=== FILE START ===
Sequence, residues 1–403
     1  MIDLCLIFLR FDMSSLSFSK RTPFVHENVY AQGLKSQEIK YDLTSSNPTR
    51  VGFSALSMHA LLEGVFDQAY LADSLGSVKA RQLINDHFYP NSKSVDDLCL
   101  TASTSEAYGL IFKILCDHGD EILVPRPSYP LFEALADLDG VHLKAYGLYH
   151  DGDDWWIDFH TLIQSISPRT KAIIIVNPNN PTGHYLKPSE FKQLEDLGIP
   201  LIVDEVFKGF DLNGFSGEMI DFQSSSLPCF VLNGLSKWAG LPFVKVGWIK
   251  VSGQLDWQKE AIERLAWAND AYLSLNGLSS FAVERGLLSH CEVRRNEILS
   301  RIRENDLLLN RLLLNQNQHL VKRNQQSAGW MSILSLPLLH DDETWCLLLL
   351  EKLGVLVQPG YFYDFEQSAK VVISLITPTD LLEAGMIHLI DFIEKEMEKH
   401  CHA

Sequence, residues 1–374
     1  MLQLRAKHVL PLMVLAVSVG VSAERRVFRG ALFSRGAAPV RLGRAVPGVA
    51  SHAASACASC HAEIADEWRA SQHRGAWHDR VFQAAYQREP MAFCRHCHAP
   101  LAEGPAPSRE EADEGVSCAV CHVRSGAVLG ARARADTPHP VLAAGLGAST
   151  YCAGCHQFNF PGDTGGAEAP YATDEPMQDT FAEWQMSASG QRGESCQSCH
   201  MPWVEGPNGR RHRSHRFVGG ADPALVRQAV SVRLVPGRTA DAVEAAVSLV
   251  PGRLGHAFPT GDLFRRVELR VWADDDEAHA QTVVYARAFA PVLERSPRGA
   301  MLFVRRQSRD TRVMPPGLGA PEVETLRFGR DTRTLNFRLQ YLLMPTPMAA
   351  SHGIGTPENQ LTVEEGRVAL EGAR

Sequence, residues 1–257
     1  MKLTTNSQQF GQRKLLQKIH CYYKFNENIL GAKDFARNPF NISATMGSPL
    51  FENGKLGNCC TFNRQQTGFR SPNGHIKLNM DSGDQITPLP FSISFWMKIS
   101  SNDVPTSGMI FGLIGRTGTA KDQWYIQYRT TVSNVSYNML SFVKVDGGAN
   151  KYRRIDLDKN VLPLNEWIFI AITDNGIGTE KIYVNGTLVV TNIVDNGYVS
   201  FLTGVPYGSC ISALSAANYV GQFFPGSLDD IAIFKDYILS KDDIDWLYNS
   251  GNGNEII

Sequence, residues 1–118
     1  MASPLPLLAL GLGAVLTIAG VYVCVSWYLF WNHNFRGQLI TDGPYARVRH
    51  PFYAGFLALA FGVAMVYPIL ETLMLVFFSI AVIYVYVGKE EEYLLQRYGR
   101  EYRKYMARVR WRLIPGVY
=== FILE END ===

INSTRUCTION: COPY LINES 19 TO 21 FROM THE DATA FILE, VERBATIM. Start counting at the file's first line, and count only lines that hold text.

   351  SHGIGTPENQ LTVEEGRVAL EGAR

Sequence, residues 1–257
     1  MKLTTNSQQF GQRKLLQKIH CYYKFNENIL GAKDFARNPF NISATMGSPL